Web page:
Untouchable Darkness (The Dark Ones Saga, #2)(11)

“Not immortal,” I repeated out loud. I’d forgotten about that… barricaded the damn memory so far into my mind that I wouldn’t recall what it was like uniting myself with Cassius…

Because it was the only time in my entire existence that I’d belonged.

And it had been ripped from me the minute he chose to walk away. Granted he returned but I imagined there was more to the story, like if he didn’t help me the big bad Archangel was going to stab Cassius in the throat.

So really he had no choice.

My heart plummeted to my stomach.

“I think I’ll go lay down for a while.” My voice was weak. I didn’t look back, not even Alex called after me or even when I felt the ice start to tickle down my fingertips and lightly frost the air next to me.


MY EYES WEREN’T USED to the dull colors around me. Gray used to be my favorite color—it masqueraded as something trivial and boring when really it consisted of a million different speckles of blues, greens, blacks, and even some white, constantly changing, shifting in its color—evolving.

Now, I glanced around at the gray countertop, the gray or what some would call silver appliances.

And I was bored to tears.

And irritated that something as simple as enjoying the visions in front of me, was suddenly gone—taken from me. Humans really had no understanding of the depth of color, and now I was realizing that first hand.

Particles of dust used to float in front of my face, pieces of moisture collected into the air, ready for me to use had I needed it.

Now, I sucked in air through lungs that by my calculations would stop working around the age of seventy-eight, possibly seventy-nine; it would be something simple that would take this body.

Morose thoughts clouded my vision—making it impossible for me to really see anything but my own demise, and the very simple fact that last week I had been different, I had been better.

This week… I was facing the greatest challenge of my existence, getting Stephanie to see me as someone other than her protector, her King, a monster.

I wasn’t sure what was typical. Did I wait an hour to go fetch her? Two? Maybe three? So I sat, my ass pressed against an extremely uncomfortable chair, and imagined a simpler time when I was able to simply force my will on anyone and be done with it.

The coffee Mason had given me was cold.

The ceramic cup cheap, breakable.

I think he meant it as a joke when he gave it to me. After all, it had some silly Vampire looking character on the front of it, blood dripping from his fangs. I scowled and turned the cup to face the other direction.

“She’s upstairs,” Alex grumbled from the corner. “You know, just in case you haven’t turned into a statue. Then again with a heart that cold…”

I rolled my eyes and stood. “I’ll see to her.”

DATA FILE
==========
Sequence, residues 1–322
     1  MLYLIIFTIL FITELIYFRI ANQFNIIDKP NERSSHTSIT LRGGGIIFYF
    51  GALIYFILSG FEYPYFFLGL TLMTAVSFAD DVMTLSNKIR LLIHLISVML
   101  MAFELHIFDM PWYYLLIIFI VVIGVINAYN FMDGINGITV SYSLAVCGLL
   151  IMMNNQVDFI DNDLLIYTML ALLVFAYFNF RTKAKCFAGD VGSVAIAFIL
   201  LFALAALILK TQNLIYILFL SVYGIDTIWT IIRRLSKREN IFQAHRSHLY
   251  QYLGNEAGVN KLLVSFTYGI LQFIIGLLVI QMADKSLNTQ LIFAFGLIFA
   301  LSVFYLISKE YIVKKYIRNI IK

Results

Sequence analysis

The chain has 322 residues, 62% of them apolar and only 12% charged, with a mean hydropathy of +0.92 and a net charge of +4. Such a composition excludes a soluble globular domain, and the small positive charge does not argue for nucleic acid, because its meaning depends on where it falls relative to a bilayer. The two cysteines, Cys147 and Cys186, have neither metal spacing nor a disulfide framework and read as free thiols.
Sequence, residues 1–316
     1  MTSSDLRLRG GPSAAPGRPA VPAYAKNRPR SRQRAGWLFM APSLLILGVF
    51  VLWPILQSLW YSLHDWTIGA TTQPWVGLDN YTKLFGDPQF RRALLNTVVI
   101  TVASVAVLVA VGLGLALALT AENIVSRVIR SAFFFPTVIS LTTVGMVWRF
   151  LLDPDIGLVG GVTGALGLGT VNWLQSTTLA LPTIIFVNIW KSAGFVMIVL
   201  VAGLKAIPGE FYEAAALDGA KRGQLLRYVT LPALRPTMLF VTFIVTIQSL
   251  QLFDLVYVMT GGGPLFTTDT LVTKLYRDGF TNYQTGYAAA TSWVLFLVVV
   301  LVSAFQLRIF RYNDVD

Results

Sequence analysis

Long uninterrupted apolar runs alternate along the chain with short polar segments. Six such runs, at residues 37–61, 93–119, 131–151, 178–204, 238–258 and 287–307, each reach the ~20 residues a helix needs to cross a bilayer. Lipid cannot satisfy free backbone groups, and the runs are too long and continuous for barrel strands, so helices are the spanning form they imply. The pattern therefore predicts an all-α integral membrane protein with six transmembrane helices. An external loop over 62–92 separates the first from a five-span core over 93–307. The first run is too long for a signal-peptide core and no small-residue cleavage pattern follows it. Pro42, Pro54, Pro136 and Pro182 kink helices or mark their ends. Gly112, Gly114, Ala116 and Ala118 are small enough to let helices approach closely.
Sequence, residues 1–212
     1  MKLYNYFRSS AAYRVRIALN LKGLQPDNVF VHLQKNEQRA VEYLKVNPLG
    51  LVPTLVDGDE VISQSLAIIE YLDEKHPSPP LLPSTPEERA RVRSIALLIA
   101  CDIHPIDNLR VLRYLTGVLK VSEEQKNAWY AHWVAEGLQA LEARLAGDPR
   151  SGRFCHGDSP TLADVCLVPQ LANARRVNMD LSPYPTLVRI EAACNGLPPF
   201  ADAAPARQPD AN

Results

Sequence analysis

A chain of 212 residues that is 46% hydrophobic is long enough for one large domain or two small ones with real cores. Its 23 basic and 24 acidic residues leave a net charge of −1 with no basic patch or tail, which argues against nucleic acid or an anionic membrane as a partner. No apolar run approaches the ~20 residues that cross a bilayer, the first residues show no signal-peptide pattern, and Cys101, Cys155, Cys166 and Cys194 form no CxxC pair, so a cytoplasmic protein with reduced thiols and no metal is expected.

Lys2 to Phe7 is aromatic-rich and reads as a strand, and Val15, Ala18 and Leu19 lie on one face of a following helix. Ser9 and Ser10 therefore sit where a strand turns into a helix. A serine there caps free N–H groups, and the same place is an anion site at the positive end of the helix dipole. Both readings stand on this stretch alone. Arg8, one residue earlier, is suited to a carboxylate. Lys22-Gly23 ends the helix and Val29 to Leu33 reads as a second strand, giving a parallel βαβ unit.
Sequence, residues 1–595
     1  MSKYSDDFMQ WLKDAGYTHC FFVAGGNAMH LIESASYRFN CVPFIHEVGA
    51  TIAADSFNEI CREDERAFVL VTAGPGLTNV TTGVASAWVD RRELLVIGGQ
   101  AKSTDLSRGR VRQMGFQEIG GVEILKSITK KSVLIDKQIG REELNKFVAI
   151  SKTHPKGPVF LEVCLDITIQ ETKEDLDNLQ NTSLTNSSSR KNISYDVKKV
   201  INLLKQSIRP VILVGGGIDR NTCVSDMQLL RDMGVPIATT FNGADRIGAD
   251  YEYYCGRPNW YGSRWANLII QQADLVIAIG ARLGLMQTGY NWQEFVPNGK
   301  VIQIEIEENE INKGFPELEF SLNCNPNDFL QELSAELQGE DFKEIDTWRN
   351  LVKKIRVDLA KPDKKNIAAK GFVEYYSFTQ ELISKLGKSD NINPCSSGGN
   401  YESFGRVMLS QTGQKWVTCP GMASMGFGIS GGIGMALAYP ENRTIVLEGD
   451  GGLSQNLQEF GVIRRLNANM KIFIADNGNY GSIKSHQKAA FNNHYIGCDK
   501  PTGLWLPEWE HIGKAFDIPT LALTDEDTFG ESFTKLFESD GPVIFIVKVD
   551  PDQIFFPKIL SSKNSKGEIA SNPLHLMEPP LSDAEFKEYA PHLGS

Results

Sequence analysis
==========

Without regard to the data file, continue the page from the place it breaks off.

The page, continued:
Alex moved in front of me, his cat like eyes narrowing in suspicion, his fingertips pressed against my chest, it hurt like hell, not that I was going to actually admit to the Siren that he was stronger.

Because the very thought—the idea that he could end my life, when I’d spent the better part of mine protecting his kind—it didn’t rub well. It felt all too humbling.

Damn, I hated that word.

“She’s… fragile.” He retracted his hand. “Remember.”

“She could break my finger with a flick of her wrist.” I shoved past him, ignoring the already bruising skin on my chest. “Think of it this way, if I make her angry you’ll simply have to burn my body to finish me off.”

“Ah, fire.” Alex snapped his fingers. “I always forget about the fire.”

I didn’t. I hated fire. Fire represented my future—if I couldn’t get her to fall for me, to love me, just as I was—I wouldn’t just die.

I’d be burned alive.

While Sariel most likely watched.

With a bowl of damn popcorn. Buttered.

“Just—” Alex’s sigh grated my nerves. “Be careful.”

“I’ll do that.” I had no idea how I was going to manage being careful, that word hadn’t ever really been in my vocabulary. Being careful meant I actually cared.

In all my existence I’d only cared about one person.


And now the game was twisted, altered, some of my chess pieces missing, the board falling sideways off the table.

“You’re stalling,” Alex called from behind me.

I grunted and made my way slowly up the stairs. I couldn’t smell her—there had once been a time when I’d been able to pick out her scent from across the room in a crowd. It had been all I could do to keep myself from pulling her close, from breathing deep, from kissing her deeper.

My footsteps were loud, awkward, as I made my way down the hallway to her room. I knocked.

She didn’t answer.

I didn’t expect her to.

I nudged the door open. Stephanie was sitting in front of the window, her hands placed demurely in her lap, her head cocked to the side as if she was watching something very carefully.

The beauty of Stephanie wasn’t in just her form, but the way she made you feel by simply glancing in your direction. Weakness made me crave it; my humanity demanded I stay in her presence forever, convincing me that walking away would only result in such physical and emotional pain that I wouldn’t survive it.

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